Impact of COVID-19 on Agriculture

Farmer is Reminded that Others are There to Help

Credit: Amanda Kaiser 

By Paula Peterson @PaulaPeterson

Right this very minute down on the farm we are hanging tough.

One of my favorite movies is “The Replacements.” There is a scene where the characters talk about quicksand and when one thing builds on top of another until you feel you are going under. Honestly, that is what the last couple of weeks have been like here on the farm.

Life happens, that is just part of the plan. However, there are times when one more thing and one more thing get to be overwhelming.

We started a recent week out with a trip to the ER with a close family member and a three-day visit to a delightful hospital in Lincoln, Nebraska. Just as that was completed my grandson fractured his foot. That was a day of urgent care, X-rays and an orthopedic visit (my daughter traded places with me during this time).

Don’t be afraid to reach out to your neighbors and let them know you are there for them.

The day was topped off by discovering my mother-in-law had passed away, so the evening was spent with the sheriff, paramedics and mortuary staff – all of whom were beyond wonderful to work with and truly made it as easy as possible.

It was not the best ending to an already stress-filled day. Added into this equation was a round of pneumonia in some of our calves. We ended up losing a few and needed to treat some others.

One thing I have noticed is farmers are the very first ones to go help a neighbor in need. But a farmer will typically do anything in his or her power not to ask for help. This was pointed out to me as I was asking a friend about whether I should write about what we were going through. I sent her a private message so I wouldn’t put it out there for the world to know and she laughed at me because she said it proved my point: I don’t like asking for help.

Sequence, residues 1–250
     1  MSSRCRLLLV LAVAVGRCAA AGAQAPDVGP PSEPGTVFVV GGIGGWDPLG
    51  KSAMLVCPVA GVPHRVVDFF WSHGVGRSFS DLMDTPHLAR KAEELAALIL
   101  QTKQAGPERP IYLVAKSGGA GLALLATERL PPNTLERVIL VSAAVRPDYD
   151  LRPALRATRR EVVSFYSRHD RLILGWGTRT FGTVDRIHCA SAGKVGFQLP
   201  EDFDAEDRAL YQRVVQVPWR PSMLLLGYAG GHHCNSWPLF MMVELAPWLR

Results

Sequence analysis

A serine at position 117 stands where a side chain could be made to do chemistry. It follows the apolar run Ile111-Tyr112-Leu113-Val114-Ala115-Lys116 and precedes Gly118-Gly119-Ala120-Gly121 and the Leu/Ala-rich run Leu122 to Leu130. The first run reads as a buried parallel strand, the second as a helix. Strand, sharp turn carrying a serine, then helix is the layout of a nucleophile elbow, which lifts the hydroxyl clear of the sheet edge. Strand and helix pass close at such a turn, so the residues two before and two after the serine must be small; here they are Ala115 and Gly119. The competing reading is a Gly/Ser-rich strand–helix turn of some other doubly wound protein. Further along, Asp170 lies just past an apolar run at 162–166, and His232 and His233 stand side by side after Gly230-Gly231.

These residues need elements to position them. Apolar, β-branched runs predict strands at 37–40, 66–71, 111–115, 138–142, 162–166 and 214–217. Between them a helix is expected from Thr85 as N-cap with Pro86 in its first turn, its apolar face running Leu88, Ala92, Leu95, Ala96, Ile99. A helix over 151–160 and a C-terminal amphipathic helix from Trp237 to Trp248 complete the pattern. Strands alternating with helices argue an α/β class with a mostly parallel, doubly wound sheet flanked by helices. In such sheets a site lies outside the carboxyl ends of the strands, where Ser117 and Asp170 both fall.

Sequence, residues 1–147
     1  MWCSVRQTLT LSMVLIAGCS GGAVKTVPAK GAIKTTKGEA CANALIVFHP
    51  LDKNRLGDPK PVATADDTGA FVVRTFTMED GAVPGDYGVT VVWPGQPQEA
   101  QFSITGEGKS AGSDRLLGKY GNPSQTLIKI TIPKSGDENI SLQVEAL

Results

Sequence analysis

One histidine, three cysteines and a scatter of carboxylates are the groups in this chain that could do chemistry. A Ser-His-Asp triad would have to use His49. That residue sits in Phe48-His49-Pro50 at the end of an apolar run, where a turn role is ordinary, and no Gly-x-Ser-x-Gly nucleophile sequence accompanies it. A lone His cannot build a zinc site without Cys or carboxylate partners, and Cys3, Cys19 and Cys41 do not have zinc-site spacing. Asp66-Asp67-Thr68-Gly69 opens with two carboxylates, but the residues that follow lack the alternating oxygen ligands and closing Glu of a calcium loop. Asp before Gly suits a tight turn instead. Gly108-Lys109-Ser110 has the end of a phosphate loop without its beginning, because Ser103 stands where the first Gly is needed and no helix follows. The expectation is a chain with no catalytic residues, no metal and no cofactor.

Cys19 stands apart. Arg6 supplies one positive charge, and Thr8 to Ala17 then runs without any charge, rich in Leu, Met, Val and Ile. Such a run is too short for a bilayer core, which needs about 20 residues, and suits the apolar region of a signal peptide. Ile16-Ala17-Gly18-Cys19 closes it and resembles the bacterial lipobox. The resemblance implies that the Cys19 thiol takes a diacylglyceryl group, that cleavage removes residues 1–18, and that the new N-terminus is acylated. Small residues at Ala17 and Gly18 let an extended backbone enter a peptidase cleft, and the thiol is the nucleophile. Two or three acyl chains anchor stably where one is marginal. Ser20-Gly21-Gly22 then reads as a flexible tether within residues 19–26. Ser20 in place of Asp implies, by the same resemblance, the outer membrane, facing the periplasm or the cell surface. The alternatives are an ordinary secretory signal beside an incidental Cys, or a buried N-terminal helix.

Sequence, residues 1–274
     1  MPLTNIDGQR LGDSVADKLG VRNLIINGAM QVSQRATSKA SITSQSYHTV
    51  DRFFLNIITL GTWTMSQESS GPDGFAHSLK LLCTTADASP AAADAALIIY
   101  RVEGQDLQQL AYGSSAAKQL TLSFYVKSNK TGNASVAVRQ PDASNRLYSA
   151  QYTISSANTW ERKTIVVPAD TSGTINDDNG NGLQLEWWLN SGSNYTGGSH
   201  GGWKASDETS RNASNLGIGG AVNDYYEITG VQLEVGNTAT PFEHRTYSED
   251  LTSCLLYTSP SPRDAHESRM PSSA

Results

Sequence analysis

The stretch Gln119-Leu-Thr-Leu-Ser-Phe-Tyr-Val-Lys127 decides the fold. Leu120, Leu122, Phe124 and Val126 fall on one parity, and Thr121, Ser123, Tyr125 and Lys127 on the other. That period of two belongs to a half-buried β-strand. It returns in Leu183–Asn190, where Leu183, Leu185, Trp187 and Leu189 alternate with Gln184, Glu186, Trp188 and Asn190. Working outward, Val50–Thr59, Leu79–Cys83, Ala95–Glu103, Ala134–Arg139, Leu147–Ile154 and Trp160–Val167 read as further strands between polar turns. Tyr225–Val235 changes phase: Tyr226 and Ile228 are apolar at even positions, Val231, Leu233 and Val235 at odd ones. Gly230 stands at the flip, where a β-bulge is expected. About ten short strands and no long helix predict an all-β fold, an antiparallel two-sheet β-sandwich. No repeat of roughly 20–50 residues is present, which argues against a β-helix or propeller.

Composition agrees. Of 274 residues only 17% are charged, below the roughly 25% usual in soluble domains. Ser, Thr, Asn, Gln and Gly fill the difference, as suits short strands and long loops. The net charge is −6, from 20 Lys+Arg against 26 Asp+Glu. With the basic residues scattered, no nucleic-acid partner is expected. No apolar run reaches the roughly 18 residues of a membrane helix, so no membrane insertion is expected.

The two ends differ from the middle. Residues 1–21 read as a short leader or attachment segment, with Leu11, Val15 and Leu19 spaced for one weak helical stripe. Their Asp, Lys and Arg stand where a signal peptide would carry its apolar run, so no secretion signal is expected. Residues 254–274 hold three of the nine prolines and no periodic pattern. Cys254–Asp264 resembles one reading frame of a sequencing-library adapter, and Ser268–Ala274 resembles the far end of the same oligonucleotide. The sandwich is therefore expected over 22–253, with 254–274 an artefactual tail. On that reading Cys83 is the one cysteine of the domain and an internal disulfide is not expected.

I am blessed to have strong faith, fabulous family and a host of friends. When I get to the point that I feel like I am getting covered in quicksand, I know I have someone to throw me a rope that will help me get out.

I feel like I need to do a better job listening to those around me and see if I need to have a rope ready for them. The one thing my grandpa always told me was there aren’t a lot of guarantees in life but one that he felt pretty confident about was this: “The sun will rise in the morning and with that sunrise comes the promise of a new day with a new set of challenges but also a new set of joys.”

We all need to take a few minutes from each day to think about what has gone right in the day and not dwell on what hasn’t. Weeks like this are hard to get through but I know I have to because life has more positives then negatives and I don’t want to miss them.

Don’t be afraid to reach out to your neighbors and let them know you are there for them. Listen to what they need you to do for them. Maybe it is a simple as having a cup of coffee and letting them share their concerns. Take time for yourself, read a book, go for a walk or eat ice cream… whatever brings you joy. I have found being able to control even small aspects of my day makes me feel like I am going to make it – things as simple as choosing what to make for supper.

We are all in this together and together we can get through anything. You got this!

Paula Peterson is a farmer in Nebraska and a member of the American Farm Bureau Federation’s Promotion & Education Committee and Grassroots Outreach (GO) Team. This column was originally published by Midwest Messenger and is reprinted with permission.

If you or someone you know is struggling emotionally or has concerns about their mental health, visit the Farm State of Mind website at farmstateofmind.org where you can find a directory of stress and mental health resources, treatment locators, tips for helping someone in emotional pain, ways to start a conversation, links to register for free, online farm stress training and additional resources for managing stress, anxiety or depression.

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